When I think about getting older, the first image that comes to mind is that of my mother. She and I share some pretty important genes. I look like her, both facially and in terms of body shape. And, I inherited her tendency towards certain age-related conditions.
I don’t like listing my ailments, for fear of being accused of being an old woman – oh, wait a minute, I am! But then, we all know that when we are accused of being an old woman, we are hearing the voices of both gender and age oppression. Two for the price of one. The accusation sub-text runs something like this: Old women moan on (so we should not listen to them); young women do not (they are gorgeous, healthy and never whinge); and of course, men never do (they are gods).
Of course, I don’t buy into that. But do I? Actually, I do, because I have internalised my own oppression. Basically, you don’t need to beat me with a stick. I’ll do it myself, thank you very much! I am trying to challenge this sort of rubbish, hence my very tongue-in-cheek blog title. Because, you see, that is the other thing old women do. They ramble on. I ramble. I am sure my darling hubby would say I do indeed ramble on, but not because I am old. More, because I am Bonnie.
But there is a very serious side to this. Many of us will one day get dementia. Rambling (as in walking, which I also do), or indeed any form of exercise, has been proven to protect against the onset of dementia, at least for some. There will be others who are unable to escape it, no matter what they do. Let me say at the outset, it is not my intention here to make fun of people who have dementia. Not only have I worked with such people, and done research in the area, I have known some absolutely wonderful people who have been struck down by one of the many diseases that can cause the condition we call dementia. Some have even been role models.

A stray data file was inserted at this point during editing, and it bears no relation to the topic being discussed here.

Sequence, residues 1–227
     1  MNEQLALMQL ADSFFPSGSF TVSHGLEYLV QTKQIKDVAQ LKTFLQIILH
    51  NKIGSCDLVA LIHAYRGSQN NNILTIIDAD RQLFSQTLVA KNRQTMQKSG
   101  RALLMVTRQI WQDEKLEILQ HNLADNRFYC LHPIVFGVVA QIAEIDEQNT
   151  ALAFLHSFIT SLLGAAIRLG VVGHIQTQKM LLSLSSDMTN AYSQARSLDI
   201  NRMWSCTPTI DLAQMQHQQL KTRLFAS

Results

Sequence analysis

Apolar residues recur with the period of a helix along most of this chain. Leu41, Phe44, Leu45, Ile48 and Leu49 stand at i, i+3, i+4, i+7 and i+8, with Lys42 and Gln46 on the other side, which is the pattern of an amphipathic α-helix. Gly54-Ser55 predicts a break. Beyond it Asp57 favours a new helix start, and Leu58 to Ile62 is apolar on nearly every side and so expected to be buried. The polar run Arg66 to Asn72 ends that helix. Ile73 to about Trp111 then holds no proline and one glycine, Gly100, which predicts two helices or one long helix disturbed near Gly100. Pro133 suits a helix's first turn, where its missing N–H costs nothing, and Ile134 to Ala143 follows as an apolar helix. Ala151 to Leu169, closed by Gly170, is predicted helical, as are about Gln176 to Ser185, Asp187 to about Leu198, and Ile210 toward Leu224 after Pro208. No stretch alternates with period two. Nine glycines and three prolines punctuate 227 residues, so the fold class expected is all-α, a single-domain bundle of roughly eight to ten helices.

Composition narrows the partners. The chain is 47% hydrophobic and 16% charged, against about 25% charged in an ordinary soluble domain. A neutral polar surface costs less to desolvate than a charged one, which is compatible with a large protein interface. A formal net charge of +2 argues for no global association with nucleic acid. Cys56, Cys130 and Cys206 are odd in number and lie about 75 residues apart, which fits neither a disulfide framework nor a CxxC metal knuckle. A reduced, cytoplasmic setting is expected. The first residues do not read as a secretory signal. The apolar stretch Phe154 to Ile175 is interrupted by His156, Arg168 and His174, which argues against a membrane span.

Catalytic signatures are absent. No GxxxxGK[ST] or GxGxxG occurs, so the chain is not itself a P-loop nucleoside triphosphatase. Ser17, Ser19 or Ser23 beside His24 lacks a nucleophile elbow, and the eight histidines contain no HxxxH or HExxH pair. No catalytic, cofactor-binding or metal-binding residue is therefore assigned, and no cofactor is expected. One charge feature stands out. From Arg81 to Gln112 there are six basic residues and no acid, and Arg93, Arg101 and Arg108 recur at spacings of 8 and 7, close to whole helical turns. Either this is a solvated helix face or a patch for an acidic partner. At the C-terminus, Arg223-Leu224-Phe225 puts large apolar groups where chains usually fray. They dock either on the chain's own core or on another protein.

So, when I think about getting older, one of the role models that comes to mind is my old supervisor for my Dance Movement Psychotherapy practice. She worked in a related field, and was kind of famous – revered, even. One day, I confessed that I wished I was more like her in terms of her assuredness and the esteem in which she was held by her peers. Her response: ‘Bonnie, you just have to get older.’ And I did. And she did. She died a couple of years ago, some years after her diagnosis of dementia, which she almost certainly had (undiagnosed at that point) when she completed her PhD. What a woman!
Another person I think of, when I consider role models for getting older, is a man I will call Fred (not his real name). Fred used to volunteer for me, in a therapeutic theatre group, when he was merely in his seventies. I remember one day, we went into Manchester with our project members (all of whom had serious and enduring mental illnesses, and most of whom were in their thirties), to see Les Miserables. It took some time to get everyone off the train, and start heading on foot to the theatre, but when I had assembled them all, I saw Fred walking at a pace, the gap between us and him widening all the time. I had to call after him, and ask him to slow down! Some years later, I spotted him on another train on my way into Manchester. He was standing up on the crowded train, looking as dapper as ever. I felt cross with the assembled masses that no-one other than me offered their seat. He declined, of course. He was, by now, in his nineties.
So, when I think of growing older, which role model do I choose? My mother, bereaved and with an ever-growing sadness at the loss of her physical prowess? My ex-supervisor, esteemed by her peers, who had a good life and a loving husband, yet was later struck down by dementia? Or my ex-volunteer, refusing to sit down in his nineties? I guess the choice is mine. I may not be able to choose what happens to my body or my mind, but I can choose to stand on my own two feet for as long as I can, walking towards the very best in life. I can choose to ramble.